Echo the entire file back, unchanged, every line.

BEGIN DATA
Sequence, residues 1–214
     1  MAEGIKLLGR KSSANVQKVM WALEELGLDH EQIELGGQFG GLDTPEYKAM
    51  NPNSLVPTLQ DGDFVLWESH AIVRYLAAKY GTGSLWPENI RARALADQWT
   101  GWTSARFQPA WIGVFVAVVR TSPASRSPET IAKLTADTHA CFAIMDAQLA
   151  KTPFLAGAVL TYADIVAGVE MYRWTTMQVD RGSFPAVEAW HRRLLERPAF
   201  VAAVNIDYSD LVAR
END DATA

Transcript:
Sequence, residues 1–214
     1  MAEGIKLLGR KSSANVQKVM WALEELGLDH EQIELGGQFG GLDTPEYKAM
    51  NPNSLVPTLQ DGDFVLWESH AIVRYLAAKY GTGSLWPENI RARALADQWT
   101  GWTSARFQPA WIGVFVAVVR TSPASRSPET IAKLTADTHA CFAIMDAQLA
   151  KTPFLAGAVL TYADIVAGVE MYRWTTMQVD RGSFPAVEAW HRRLLERPAF
   201  VAAVNIDYSD LVAR